ATLANTIC CITY, N.J. — Could it be the end of the hometown, family-owned window extruder, fabricator and dealer?
With retail and industry giants buying out mom-and-pop factories, some consultants believe the end looms as close as 2002.
Following numerous acquisitions in recent years by window extruders such as Royal Group Technologies Ltd. of Woodbridge, Ontario; CertainTeed Corp. of Valley Forge, Pa.; and Kent, Washington-based Mikron Industries Inc., the number of players in the vinyl window industry continues to dwindle.
Several large, pending acquisitions expected in the coming year will prove the theory that corporate America continues to grow while the little guy disappears into its shadow, said Norman McKibbin and Norman Silberdick of Aspen International Group Inc.
Aspen International, which assists window companies in acquisitions and mergers, was at RemodelAmerica, held March 4-6 in Atlantic City. The show was organized by the National Association of the Remodeling Industry.
Entrepreneurs are feeling the pinch from several directions.
``As families get older, kids don't want to [go into the family business] anymore,'' McKibbin said, adding that owners are forced to sell their businesses so they can retire.
Large corporations are waiting for such opportunities to arise and often seek out small companies to convince them to sell, he said.
Families also are feeling the crunch as large window fabricators are buying their own extruders or acquiring extrusion companies. In-house manufacturing enables big companies to slash prices, Silberdick said.
Those cheaper windows are becoming more popular in the do-it-yourself market, as corporations invade the retail market by acquiring parts of the ``Big Box'' chain stores such as DIY and Home Depot. Consolidation also squeezes out the middle man, he said.
And it's not just the small-business world being affected.
Many consumers don't realize most windows sold at do-it-yourself stores are of lesser quality, McKibbin said. Professional marketers offer more-expensive products, plus features such as custom-made windows, thicker profiles and glass, and a choice of colors and styles, he said.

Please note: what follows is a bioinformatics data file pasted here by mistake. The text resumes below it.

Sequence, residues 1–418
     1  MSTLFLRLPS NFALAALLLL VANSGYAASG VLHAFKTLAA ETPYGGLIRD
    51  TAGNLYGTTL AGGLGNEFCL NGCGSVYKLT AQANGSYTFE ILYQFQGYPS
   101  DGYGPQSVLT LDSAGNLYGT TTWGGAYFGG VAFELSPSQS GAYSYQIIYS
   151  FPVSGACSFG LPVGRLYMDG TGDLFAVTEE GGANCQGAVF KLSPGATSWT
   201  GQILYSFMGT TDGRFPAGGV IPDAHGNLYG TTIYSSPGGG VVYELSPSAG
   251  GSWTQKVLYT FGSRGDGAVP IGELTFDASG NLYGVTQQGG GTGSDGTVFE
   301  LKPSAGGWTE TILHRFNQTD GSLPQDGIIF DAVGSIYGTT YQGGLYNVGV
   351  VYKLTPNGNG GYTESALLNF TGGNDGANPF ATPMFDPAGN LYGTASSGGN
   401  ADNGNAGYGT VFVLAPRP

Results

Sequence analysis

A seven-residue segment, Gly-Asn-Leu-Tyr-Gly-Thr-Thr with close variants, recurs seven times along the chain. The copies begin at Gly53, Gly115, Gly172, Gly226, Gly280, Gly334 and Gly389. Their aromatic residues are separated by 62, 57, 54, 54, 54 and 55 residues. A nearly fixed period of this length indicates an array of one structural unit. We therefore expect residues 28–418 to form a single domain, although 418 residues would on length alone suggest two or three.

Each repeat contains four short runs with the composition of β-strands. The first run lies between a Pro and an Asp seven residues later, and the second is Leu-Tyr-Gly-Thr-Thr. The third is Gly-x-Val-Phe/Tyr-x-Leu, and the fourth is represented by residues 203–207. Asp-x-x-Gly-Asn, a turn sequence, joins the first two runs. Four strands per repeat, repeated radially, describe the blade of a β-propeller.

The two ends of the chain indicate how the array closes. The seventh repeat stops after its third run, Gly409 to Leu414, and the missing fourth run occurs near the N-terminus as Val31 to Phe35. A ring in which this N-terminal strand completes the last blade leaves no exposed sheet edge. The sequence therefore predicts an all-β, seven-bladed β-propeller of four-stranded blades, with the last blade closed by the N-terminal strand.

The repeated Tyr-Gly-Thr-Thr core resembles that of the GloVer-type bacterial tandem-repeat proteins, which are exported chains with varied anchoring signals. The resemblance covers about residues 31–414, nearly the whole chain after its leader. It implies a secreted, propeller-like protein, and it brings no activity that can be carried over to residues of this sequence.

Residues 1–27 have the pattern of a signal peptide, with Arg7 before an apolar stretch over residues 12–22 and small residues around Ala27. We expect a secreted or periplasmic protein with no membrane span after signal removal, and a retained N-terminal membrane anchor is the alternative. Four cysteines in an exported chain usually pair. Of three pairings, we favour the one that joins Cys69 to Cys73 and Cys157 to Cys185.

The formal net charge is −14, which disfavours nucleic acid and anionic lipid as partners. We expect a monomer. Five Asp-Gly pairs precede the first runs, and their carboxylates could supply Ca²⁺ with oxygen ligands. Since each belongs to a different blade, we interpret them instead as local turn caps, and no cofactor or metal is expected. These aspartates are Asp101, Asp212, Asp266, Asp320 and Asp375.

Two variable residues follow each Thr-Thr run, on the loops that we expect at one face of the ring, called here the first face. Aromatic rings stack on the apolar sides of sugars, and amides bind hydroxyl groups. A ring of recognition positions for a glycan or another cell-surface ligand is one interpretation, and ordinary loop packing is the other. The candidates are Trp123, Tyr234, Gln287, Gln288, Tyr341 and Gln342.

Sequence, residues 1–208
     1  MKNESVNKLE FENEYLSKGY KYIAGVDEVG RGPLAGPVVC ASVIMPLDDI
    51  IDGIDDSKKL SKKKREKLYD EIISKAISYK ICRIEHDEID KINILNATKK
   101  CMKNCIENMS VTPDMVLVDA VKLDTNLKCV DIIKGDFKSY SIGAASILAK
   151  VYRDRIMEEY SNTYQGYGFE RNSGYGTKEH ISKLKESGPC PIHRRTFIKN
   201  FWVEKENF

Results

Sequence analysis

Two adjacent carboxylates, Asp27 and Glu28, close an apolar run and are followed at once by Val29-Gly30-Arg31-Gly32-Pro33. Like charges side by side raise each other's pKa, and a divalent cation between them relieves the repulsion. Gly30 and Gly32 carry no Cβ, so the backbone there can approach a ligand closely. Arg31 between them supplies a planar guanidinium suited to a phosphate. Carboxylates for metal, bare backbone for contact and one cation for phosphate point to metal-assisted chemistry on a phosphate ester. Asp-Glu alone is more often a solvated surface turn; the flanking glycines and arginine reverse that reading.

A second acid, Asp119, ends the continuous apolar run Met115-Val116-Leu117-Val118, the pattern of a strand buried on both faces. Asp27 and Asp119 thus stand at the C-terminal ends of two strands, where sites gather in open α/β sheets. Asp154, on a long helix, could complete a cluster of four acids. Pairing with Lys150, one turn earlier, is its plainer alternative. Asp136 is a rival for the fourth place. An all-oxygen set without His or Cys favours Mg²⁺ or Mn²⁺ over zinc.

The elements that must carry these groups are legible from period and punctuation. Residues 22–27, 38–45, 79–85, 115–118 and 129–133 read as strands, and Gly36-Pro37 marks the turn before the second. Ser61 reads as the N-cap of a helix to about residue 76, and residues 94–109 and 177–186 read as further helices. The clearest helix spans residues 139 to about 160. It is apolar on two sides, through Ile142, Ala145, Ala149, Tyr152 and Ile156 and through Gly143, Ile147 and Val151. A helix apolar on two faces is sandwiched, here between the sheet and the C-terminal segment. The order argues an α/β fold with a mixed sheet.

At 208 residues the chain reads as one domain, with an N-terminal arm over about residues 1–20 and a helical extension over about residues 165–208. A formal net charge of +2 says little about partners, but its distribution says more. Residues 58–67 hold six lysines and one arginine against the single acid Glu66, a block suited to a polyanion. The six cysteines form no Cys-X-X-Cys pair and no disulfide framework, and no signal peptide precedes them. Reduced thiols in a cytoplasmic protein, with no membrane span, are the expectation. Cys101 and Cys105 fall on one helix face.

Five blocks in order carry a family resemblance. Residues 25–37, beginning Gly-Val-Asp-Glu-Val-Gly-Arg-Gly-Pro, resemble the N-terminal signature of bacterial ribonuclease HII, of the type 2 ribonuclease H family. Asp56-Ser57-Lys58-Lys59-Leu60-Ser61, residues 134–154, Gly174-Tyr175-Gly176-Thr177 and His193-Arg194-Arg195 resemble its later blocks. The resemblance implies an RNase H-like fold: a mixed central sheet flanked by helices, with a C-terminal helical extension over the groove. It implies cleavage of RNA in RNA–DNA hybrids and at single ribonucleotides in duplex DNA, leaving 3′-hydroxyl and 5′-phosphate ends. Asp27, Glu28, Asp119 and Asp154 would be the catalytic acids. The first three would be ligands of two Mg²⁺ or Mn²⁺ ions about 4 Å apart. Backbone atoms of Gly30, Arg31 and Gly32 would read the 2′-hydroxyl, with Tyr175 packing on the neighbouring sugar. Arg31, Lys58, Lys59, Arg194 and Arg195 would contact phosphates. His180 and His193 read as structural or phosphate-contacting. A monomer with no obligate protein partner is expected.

``At places such as Home Depot, what you see is what you get. A plain, white vinyl window,'' McKibbin said.
However, the homeowner sees only the huge difference in price. As a result, the small dealer folds or is sold, he said.
Within three to five years, the family-owned window extruder, fabricator and dealer will be phased out, McKibbin predicts.
John Lombardo, president of JSM Vinyl Products Inc. of Inwood, N.Y., said when family-owned businesses can't compete, they sell.
``I call this the land of the giants,'' he said. ``Everybody is buying everybody so there's nobody left.''
Some big competitors land accounts by giving customers new equipment as an incentive, Lombardo said in a March 9 telephone interview. That kind of deal is hard to compete with for JSM, an extruder in the window and door industry whose 1997 sales topped off at $2.2 million.
Lombardo said his secret to staying in the extrusion game is to provide excellent products and customer service.
``You have to be 100-plus percent effective: no waste, streamlined. Maximize everything. You keep your head above water that way,'' he said.
Some small extruders, such as Omega Plastics Corp. of Clinton, Tenn., disagree with McKibbin's prediction.
``We don't see that it's any worse today than it was 20 years ago. Of course, the players are different,'' President Stephen Redwine said.
Omega reported sales of $7 million in 1997. Though the company loses some customers to large corporations every year, it also gains clients, canceling out the losses, Redwine said.